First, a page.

Now, for those of you who are not from New Mexico and/or have never seen green chile, this is what it looks like when you buy it chopped. Notice this is quite different than say, getting it in those miniature cans. This actually has some heat to it, you can tell it was roasted before put into the container, and it's been marinating in it's own juices. Also, probably because of the processes behind canning or something, this is much more flavorful and full of liquid. When I popped the lid off of this I almost cried. Now, if any of my fans are rich you can have your very own Bueno green chile mailed to you for the cheap price of $27.99 for the actual container (WOAH! seems a bit pricey, but it's actually for six containers) and $50 shipping, (again, WOAH!) I'm not sure how much it cost my mom to overnight this to me, but the take home message is, if you're in NM, stock up and bring home if you can (via car - you might have some issues in security with this).

Pour this deliciousness into your pot, add 1/2 teaspoon of salt and give a quick stir. Allow to bring to a boil, then lower to simmer for about 20 minutes and then you're ready to eat the best spicy stew you'll ever taste. In fact, it is this stew that I feel has ruined my taste for any other stews that are not spicy. Bland stews forget about it!

Serve with two warm tortillas that you heated on your stove. Don't even think about microwaving these, please it hurts me when people do that. Take the extra minute to heat your skillet, it will be worth it I promise. Cozy up with your familia and share some laughs about the crazy times you had the day before, most of all be thankful that you know the deliciousness of green chile. This entry is for my mama, who is the best mama in the whole wide world. I love you. And for my hermanitas (KRC and KMC) for being the best hermanitas ever. I'm so glad all of you are in my life.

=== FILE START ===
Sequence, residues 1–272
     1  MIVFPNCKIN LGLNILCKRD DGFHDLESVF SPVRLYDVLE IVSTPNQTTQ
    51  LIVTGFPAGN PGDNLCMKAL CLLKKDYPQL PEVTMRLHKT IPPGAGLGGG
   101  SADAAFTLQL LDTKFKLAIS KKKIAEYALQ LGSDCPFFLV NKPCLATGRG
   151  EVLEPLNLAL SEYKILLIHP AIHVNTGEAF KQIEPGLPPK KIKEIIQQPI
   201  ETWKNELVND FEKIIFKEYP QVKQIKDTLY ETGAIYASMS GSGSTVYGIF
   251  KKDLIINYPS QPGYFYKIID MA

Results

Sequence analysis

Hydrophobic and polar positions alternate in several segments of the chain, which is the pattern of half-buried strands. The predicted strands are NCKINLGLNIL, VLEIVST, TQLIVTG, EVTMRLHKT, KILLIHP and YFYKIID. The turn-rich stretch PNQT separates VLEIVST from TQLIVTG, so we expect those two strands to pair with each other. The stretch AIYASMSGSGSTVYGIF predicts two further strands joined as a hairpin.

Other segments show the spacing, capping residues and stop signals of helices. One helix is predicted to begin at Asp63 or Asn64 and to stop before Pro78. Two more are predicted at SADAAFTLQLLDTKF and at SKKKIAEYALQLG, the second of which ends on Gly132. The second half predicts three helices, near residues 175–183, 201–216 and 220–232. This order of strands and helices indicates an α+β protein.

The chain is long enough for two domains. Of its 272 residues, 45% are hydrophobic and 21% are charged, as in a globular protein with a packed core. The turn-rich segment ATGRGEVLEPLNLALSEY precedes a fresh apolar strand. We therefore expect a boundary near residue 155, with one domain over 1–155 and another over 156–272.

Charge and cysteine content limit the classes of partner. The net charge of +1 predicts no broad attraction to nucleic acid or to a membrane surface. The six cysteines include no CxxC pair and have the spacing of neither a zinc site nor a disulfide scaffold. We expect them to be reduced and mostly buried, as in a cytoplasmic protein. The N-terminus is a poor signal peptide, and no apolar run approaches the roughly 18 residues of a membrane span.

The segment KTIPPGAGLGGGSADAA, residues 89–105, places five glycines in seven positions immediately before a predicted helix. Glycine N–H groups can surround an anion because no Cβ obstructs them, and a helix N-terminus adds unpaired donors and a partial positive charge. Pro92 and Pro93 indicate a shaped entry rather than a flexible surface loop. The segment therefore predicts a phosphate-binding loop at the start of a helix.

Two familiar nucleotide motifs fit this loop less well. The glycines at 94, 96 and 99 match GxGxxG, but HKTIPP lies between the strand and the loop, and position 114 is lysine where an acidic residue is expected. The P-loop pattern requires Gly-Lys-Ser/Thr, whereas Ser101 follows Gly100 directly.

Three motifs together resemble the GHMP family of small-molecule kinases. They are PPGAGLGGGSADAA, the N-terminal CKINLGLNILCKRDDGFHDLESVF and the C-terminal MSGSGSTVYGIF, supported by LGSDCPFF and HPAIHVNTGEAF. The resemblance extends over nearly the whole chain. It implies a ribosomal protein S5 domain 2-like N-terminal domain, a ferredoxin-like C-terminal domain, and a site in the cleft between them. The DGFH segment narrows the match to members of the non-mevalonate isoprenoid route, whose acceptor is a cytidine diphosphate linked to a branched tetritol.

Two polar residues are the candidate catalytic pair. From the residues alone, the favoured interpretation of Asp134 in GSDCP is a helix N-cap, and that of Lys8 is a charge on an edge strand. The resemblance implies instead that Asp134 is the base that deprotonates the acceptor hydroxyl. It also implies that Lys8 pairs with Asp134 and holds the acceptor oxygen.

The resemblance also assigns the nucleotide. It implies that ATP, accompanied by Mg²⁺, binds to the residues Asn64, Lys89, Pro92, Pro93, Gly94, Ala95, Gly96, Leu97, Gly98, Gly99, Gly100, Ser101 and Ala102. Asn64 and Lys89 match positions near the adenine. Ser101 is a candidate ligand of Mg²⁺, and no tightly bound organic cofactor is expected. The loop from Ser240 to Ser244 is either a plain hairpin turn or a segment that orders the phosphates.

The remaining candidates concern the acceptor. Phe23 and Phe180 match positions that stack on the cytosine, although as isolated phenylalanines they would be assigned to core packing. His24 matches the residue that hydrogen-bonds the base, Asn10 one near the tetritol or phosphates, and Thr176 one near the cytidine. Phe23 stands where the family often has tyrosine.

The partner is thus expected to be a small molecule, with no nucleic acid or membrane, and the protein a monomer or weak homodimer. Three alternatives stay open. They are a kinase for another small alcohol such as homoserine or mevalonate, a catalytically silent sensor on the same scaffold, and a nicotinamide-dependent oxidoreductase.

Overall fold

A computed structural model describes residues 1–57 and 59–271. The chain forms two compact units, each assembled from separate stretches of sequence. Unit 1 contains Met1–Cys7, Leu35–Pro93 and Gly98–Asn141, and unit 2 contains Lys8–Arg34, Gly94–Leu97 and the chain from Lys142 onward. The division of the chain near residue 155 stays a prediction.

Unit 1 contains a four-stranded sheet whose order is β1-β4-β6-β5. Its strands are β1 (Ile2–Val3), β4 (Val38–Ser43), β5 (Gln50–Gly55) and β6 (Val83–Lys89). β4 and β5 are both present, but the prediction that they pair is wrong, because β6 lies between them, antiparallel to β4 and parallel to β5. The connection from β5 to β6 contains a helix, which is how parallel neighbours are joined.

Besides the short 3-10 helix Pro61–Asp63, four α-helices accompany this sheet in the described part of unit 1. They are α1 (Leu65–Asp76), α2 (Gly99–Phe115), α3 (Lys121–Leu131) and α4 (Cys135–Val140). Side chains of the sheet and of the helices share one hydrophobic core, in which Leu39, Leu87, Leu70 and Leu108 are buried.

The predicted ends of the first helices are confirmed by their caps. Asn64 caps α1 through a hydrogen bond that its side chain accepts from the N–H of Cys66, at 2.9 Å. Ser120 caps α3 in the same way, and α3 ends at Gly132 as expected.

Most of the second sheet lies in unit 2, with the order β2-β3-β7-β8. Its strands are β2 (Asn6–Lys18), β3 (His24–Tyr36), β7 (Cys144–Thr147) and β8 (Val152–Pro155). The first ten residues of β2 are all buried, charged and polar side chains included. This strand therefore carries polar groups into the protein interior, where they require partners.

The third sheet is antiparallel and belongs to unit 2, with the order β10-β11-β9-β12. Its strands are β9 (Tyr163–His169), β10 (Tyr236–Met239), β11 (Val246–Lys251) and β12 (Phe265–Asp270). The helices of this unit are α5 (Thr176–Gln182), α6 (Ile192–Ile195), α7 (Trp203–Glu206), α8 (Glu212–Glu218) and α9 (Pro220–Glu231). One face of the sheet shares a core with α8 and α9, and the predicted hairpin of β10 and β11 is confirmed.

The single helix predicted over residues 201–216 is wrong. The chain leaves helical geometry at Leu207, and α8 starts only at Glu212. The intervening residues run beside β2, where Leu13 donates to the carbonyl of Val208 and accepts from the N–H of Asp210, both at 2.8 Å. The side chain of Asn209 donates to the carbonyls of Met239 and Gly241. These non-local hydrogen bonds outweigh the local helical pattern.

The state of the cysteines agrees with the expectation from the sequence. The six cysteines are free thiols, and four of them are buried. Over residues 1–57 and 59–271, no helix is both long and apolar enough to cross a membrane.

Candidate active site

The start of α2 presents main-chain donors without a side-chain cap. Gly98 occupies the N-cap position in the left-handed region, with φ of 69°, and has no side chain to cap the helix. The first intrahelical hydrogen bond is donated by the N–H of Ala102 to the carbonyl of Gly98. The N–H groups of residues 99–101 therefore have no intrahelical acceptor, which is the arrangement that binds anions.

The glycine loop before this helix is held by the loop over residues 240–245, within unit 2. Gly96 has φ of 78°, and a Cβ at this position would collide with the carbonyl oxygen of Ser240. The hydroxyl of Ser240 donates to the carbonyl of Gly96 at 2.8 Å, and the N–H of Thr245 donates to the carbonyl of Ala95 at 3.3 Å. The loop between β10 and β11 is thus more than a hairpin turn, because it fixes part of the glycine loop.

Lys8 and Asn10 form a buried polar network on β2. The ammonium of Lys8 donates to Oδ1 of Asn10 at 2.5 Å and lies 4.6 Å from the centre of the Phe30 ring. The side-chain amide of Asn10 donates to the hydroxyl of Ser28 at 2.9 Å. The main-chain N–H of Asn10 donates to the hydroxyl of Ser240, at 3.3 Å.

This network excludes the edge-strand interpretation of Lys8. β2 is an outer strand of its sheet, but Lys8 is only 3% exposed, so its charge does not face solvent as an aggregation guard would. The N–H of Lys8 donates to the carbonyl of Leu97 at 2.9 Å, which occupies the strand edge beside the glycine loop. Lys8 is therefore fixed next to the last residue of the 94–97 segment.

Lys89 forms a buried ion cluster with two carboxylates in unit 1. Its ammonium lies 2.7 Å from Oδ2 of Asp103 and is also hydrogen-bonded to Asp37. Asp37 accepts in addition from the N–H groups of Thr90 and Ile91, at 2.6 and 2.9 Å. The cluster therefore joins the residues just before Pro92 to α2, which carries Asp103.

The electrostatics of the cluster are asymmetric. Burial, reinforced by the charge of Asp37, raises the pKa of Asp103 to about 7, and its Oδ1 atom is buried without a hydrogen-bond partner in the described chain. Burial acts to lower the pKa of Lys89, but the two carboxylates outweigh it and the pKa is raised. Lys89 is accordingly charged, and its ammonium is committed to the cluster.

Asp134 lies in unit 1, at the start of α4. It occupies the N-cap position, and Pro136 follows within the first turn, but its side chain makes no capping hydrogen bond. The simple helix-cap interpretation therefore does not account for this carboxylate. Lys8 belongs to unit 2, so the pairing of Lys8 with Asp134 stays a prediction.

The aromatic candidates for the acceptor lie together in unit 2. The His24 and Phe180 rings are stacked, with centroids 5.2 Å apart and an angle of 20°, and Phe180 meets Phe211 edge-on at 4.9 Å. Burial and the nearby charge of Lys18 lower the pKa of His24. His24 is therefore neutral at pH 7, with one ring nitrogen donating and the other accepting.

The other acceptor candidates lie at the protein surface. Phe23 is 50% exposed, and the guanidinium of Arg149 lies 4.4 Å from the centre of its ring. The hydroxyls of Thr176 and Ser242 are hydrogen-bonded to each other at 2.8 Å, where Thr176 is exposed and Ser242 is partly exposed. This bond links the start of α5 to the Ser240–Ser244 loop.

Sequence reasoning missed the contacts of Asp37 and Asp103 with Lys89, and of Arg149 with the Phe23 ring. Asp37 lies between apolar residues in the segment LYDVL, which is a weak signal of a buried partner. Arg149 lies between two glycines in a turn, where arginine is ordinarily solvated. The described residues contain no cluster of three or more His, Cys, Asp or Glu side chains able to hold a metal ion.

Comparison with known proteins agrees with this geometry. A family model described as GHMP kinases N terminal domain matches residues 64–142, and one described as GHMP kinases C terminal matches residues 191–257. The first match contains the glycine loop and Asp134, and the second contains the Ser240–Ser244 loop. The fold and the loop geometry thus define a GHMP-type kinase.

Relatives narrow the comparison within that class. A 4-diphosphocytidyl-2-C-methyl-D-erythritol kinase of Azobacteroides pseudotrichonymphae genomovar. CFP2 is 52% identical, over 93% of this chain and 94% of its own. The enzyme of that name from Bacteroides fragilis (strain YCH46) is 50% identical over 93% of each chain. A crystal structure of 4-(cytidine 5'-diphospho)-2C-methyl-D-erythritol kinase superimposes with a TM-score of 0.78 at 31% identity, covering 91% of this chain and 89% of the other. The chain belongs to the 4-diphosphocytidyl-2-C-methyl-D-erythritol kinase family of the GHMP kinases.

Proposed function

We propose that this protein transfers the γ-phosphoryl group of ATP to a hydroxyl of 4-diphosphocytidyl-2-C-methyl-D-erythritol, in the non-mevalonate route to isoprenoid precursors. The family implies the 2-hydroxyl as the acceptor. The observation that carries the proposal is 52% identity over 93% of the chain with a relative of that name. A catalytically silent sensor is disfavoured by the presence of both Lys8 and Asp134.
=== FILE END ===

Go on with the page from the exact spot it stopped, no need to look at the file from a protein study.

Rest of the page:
September 26, 2009

Beef Fajita Marinade Deliciousness and a Baking Revelation

I realize I haven't posted in a while but it is because of of my amazing work ethic I've been exhibiting on that other writing project. I finished a complete draft of one of my dissertation chapters! Only two more hard ones to go and I'm done! (Not to say I don't still have a lot of work) I feel so proud. In fact, this is somewhat inspired my baking revelation! I usually hate baking, hate may be a strong word, but I tend to not have the patience for it and baking makes me worry that I've messed it all up and I have to wait until it's done baking to see if I've done everything right. While I was baking this beautiful cake (that ended up being perfect) I realized that baking is a lot like scholarly writing. It takes advance preparation (read whole recipe/read other scholarship), the putting together of things in a certain order (dry ingredients, wet ingredients/several sections come together to make a whole) and some faith that it is all going to come out all right (rising dough and/or baking time in the oven/knowing that you will get the right combo together and have a finished product sometime). Yes it's hard work, but you have to have faith in the process, the more you work at it the better at it you'll be, the better prepared you are in advance then the more likely something better will come out of it! Like this deliciousness...